VIERA, Fla. — To know if Bryce Harper(notes) truly belongs in big league camp for the Washington Nationals and not on a minor league field with the other 18-year-olds, you don't even have to watch him swing, run or field.
Just look down at his feet, and if Harper happens to be wearing sandals, take a quick glance at his bare toes.
Remember one of the ways Crash Davis educated hot-shot pitcher Ebby Calvin "Nuke" LaLoosh on proper foot hygeine in "Bull Durham"?
"Your shower shoes have fungus on them. You'll never make it to the bigs with fungus on your shower shoes. Think classy, you'll be classy. If you win 20 in the show, you can let the fungus grow back and the press'll think you're colorful. Until you win 20 in the show, however, it means you are a slob."
Bryce Harper takes care of his toes, specifically his toenails. They appear immaculate, as if he had gotten a pedicure between the time he hopped out of the shower and got dressed in front of his locker.
It's a little and weird thing, and of course we're having fun with it, but the point is clear: Not doing little things can delay your arrival to the major leagues. Even when you're a No. 1 overall pick and a budding star, it helps if you look like you belong.
Harper hasn't started any games yet, and isn't expected to get more than 20 or so at-bats before being reassigned to minor league camp. And the sitting makes him restless. Or is it too restful?
"I'm still trying to go out there every day and get things going," Harper said recently. "Not starting every game, sitting inside the dugout, I'm falling asleep ... well, not falling asleep but it feels like I want to."
One part of hitting that's particularly tough about your first spring training experience: Facing older players with more experience that you've never even seen pitch before.
"It's always going to be hard," said Harper, who is 5-for-14 with two doubles and four RBIs so far. "I think it was Ted Williams who said, ‘I hate hitting in All-Star games and against rookies,' for the fact that he's never seen them before. Going up there and seeing guys you haven't seen, they're going to come at you with sliders, knuckleballs, split-fingers, everything they have in their kitchen sink.
"I'm just trying to learn everything I can in such a little amount of time in big league camp."
Other players on the Nationals can sense Harper's eagerness, but they also know that waiting for your chance by going through the minors is part of how a player can grow. Harper has been so advanced, he skipped his senior year of high school, got a GED and spent a year at junior college.
"Bryce is very talented," Ryan Zimmerman(notes) said. "I don't think it'll take him too long to get here, but I think he'll be the first one to tell you he's got some things to learn. You've got to learn how to fail a little bit. He's never really failed. I'm not going to say he's going to fail miserably, or anything like that, but you have to learn how to deal with a bad week or two at a time. Everyone goes through it. [Albert] Pujols goes through it."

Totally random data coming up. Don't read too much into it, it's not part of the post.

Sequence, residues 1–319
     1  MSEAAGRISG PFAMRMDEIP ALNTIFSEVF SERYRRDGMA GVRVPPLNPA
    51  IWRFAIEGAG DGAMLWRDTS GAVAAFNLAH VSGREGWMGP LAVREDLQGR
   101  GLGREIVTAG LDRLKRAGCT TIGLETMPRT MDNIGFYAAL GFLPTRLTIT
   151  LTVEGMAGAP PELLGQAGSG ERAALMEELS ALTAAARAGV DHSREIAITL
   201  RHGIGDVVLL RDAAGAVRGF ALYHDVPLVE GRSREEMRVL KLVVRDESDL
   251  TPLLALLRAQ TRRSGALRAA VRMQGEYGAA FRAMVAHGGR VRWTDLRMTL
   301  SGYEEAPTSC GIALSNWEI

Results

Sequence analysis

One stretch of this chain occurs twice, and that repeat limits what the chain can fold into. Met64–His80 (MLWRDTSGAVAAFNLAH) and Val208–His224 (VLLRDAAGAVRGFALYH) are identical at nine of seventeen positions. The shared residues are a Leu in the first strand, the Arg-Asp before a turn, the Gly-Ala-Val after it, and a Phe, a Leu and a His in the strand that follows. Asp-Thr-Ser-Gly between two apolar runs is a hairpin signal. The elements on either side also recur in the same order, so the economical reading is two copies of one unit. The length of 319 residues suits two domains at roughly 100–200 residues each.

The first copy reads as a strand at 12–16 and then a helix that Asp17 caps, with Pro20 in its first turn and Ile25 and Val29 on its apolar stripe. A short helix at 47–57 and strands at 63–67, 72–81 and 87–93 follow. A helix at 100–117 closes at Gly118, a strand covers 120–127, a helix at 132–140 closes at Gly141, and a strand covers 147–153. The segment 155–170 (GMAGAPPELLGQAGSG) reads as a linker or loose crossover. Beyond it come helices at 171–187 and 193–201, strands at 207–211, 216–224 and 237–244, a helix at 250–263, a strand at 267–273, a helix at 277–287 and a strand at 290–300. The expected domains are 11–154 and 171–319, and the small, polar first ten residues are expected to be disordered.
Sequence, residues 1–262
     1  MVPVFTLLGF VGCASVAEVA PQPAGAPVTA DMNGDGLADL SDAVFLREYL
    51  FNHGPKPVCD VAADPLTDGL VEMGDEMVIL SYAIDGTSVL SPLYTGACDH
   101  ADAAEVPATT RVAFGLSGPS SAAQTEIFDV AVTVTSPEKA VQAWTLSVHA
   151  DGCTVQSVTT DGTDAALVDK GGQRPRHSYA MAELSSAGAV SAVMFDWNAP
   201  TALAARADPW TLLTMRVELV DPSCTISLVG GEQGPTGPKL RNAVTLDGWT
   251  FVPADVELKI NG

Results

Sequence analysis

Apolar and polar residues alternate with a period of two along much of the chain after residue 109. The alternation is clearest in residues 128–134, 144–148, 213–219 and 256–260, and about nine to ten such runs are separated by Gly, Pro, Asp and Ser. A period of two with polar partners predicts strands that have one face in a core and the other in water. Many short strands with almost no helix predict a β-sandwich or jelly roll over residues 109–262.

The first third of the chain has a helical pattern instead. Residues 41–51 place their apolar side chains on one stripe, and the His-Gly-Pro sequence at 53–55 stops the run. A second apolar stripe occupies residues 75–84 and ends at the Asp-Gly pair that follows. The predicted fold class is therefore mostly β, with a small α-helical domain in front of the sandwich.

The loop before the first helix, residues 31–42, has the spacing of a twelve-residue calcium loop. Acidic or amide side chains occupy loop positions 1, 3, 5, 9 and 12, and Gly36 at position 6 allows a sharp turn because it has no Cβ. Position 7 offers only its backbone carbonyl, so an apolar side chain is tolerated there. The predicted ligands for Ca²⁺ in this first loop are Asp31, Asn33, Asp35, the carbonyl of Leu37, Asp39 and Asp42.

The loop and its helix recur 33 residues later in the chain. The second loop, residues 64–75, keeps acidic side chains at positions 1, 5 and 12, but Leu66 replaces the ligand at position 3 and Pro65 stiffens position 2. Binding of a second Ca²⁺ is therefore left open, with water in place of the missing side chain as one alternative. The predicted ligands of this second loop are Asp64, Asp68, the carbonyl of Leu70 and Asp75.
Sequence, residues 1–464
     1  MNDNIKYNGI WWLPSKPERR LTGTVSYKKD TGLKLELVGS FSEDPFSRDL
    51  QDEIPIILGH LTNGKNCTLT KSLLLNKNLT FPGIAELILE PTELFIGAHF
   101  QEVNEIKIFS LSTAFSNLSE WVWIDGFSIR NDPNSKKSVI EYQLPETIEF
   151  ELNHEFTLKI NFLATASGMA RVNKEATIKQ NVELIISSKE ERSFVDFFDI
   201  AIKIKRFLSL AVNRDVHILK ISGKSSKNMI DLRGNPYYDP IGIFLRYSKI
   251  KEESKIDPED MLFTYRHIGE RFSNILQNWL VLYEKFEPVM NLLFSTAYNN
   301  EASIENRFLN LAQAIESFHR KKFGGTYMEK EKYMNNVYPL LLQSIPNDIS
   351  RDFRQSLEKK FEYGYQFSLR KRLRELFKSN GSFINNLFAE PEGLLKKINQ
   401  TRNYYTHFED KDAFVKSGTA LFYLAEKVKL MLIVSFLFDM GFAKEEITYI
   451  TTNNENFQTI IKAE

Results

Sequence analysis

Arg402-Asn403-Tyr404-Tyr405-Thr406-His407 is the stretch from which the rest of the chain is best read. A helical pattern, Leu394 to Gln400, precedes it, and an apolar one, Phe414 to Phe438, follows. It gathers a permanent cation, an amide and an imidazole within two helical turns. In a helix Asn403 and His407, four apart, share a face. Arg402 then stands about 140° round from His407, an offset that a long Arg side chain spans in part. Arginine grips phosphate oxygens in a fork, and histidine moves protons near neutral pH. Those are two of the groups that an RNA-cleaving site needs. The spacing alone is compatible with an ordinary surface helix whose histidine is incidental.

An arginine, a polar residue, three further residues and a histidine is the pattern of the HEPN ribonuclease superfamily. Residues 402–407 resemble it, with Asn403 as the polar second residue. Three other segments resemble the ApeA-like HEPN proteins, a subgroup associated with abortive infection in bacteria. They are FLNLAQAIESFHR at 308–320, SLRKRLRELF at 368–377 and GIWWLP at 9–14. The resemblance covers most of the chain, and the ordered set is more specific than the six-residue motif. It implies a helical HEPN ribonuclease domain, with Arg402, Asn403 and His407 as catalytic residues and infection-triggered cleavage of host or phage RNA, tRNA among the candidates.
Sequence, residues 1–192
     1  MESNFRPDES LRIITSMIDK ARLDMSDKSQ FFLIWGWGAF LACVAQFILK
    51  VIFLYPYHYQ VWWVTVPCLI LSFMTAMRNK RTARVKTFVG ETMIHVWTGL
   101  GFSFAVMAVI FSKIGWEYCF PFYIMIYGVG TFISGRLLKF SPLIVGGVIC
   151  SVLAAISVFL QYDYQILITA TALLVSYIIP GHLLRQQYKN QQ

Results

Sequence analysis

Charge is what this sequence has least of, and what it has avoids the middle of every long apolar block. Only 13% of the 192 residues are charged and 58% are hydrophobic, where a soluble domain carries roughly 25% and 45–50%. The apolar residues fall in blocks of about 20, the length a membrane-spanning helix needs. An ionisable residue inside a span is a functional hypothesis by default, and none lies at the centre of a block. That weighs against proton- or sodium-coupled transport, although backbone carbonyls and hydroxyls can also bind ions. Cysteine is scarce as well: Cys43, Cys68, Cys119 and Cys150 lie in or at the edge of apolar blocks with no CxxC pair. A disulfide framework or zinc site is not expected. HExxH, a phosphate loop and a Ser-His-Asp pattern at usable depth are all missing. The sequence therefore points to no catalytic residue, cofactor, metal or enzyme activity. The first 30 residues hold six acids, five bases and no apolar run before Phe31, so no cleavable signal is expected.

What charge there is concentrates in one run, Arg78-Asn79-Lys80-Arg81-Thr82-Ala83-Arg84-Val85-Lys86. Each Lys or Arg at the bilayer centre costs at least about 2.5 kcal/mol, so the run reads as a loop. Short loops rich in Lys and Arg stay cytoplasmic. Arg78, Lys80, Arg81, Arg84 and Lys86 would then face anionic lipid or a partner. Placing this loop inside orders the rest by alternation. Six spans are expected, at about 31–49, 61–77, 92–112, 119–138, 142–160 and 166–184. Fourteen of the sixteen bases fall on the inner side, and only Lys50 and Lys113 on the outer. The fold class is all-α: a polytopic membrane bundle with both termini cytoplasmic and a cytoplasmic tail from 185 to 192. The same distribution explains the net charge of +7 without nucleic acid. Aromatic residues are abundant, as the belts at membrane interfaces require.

Harper has received some advice from Matt Stairs(notes) on that subject. Stairs has been around for 18 seasons and, he hopes, a record 13 major league uniforms. As a pinch hitter, he's especially vulnerable to failure.
"If he goes 0 for 4, I just tell him to take something positive out of the game," Stairs said. "You made a good play — you hit a cutoff man — you backed up a play on defense. Always have something positive to think about. There's nothing worse than going home on a negative thought."
On Tuesday, Harper got two doubles in his first two at-bats against the Houston Astros. The first one was a bit lucky; a chopper that bounced on hard infield dirt and over the first baseman's head.
When he came up a second time, two hecklers could be heard over the relative quiet of Space Coast Stadium.
"O-ver ra-ted!" the goofballs shouted. They had barely finished expelling their breath when Harper lined a hard double into the right-field corner for his second hit of the inning.
"Yeah, I heard it," Harper acknowledged. "You can hear everything out there. You've just got to clear the mechanism, think straight ahead and can't really get into all that.
"I've been hearing it since college and high school. It doesn't get old because I love it. I like when people say that kind of stuff about me. I like all the bad stuff."
Harper seems able to turn a negative into a positive.
"It's definitely fun," Harper said. "This has never been work to me. I've always had fun doing it. Of course it's a job, but if you're not having fun doing it, then why are you playing, you know?"
Stairs said Harper's attitude is going to serve him well.
"He has an idea how to play the game," Stairs said. "He has some things to work on but he's committed to his approach at hitting, and his approach at defense where he's been working out at a new position. He's done well. He just has to keep working at it and he's going to be a hell of a player."
And, Zimmerman says, indications are Harper will play at an elite level once he reaches the majors.
"At 18 years old, he's pretty far ahead of where a lot of people have ever been," Zimmerman said.